Humanity on thin ice: Why Area Studies matters for planetary survival

This blog is co-authored by Rachel Harrison and Geir Helgesen.

On 20 March 2023 the scientific body that advises the UN on rising temperatures – the IPPC - released its latest report on climate change. It points to "a rapidly closing window of opportunity to secure a liveable and sustainable future for all" (Intergovernmental Panel on Climate Change). Claiming it to be a "survival guide for humanity", UN chief Antonio Guterres introduced the report with a warning: “Humanity is on thin ice – and that ice is melting fast […] The climate time bomb is ticking.” With a timely reference to the recent Oscar award-winning Asian-American movie Everything, Everywhere, All at Once, Guterres alerted humanity to the need for this “clarion call to massively fast-track climate efforts by every country and every sector and on every timeframe.”

In this short opinion piece on the current role of Area Studies for planetary survival, we outline how this field of academic studies has the capacity to play an essential role in responding to the demand for action everywhere, all at once, through informing necessary attention to and understanding of cultural difference.

A flooded street with a submerged street sign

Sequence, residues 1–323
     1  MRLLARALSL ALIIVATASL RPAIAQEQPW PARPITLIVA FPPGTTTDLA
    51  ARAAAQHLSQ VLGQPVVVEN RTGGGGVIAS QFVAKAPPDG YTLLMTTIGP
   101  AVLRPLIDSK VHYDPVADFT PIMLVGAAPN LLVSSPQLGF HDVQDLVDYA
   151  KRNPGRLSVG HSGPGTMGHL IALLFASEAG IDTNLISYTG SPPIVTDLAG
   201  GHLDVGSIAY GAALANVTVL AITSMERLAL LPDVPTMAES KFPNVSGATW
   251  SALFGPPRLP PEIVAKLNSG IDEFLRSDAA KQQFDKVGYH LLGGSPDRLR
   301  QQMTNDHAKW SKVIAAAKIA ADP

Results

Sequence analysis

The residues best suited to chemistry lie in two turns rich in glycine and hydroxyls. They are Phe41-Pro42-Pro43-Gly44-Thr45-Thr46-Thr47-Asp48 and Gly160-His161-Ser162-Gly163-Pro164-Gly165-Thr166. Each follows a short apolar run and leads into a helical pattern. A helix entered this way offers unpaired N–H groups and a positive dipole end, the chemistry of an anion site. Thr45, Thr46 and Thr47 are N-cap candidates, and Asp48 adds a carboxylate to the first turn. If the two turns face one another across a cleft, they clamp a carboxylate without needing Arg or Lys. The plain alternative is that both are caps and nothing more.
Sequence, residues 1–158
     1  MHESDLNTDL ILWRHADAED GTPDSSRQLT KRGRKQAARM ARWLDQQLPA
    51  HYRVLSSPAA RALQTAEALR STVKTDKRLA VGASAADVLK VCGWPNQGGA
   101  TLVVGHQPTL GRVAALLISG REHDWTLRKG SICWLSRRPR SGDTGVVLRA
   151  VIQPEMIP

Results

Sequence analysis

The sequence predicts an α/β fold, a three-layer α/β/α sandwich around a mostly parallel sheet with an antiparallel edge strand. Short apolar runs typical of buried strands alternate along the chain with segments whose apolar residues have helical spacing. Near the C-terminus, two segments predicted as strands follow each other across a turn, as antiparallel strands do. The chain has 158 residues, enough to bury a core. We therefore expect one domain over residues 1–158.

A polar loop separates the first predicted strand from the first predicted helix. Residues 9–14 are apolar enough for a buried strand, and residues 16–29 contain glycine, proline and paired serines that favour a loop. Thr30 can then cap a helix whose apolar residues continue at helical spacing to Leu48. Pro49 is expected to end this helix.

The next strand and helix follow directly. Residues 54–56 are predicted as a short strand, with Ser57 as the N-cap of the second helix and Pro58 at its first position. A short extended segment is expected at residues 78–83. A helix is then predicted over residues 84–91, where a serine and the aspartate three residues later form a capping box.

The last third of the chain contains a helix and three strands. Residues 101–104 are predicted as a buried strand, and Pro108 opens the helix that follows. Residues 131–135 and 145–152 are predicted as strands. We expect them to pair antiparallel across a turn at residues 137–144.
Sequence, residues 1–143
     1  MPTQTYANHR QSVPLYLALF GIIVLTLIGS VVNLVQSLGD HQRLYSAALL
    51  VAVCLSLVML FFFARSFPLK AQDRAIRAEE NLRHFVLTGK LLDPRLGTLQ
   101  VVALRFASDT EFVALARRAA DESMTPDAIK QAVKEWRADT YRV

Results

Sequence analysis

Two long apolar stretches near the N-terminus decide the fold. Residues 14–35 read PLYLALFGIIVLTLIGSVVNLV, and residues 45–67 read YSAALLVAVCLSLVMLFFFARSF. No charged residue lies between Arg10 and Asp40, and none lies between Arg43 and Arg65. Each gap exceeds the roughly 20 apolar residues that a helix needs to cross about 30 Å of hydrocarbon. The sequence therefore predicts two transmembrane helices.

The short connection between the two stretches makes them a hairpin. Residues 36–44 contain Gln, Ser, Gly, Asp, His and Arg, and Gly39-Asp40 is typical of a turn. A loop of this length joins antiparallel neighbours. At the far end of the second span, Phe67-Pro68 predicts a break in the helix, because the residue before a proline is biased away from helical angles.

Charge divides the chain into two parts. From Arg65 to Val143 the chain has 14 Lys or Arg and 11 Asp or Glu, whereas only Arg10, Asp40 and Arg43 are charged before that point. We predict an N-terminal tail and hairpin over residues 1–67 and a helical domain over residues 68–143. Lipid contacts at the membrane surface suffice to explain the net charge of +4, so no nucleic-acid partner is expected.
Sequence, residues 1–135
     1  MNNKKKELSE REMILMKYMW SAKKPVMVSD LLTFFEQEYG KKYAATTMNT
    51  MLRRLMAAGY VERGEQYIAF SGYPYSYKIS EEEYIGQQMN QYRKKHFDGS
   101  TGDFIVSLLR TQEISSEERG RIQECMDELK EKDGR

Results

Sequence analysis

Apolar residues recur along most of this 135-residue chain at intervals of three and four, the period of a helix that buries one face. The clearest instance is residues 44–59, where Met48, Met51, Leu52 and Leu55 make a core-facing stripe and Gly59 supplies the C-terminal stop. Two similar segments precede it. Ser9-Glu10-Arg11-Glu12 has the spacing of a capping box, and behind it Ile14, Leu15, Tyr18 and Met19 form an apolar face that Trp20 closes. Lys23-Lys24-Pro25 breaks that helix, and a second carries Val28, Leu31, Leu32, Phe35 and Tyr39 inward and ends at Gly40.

We are on the brink of planetary climate catastrophe

Long relegated to the margins of academia as an alleged sub-discipline of the humanities and social sciences, the focus of Area Studies has always been on a specific geographical region – an “area” - and its analytical tools a combination of the available and the practical. While much valuable research and socially significant information has been produced as a result, we argue that the current state of world affairs demands a reinvention of the Area Studies approach to respond directly and practically to questions of planetary survival. The one-time optimism that globalization would lead to the speedy development of a more united and harmonious world has proved to be misplaced. Instead, it has been superseded by two terrifying and urgent realities: one, exposed and defined by the natural sciences, that we now stand on the brink of planetary climate catastrophe; the other, that we move closer and closer to widespread global conflict in the ever-deepening tensions between China/Russia and the West, exacerbated by the war in Ukraine. These two tragedies are interconnected, with positive intervention in the latter precluding significant progress in the task to address the former. Both necessitate vital contributions, informed by an awareness of cultural differences and driven in turn by a refocused approach to Area Studies.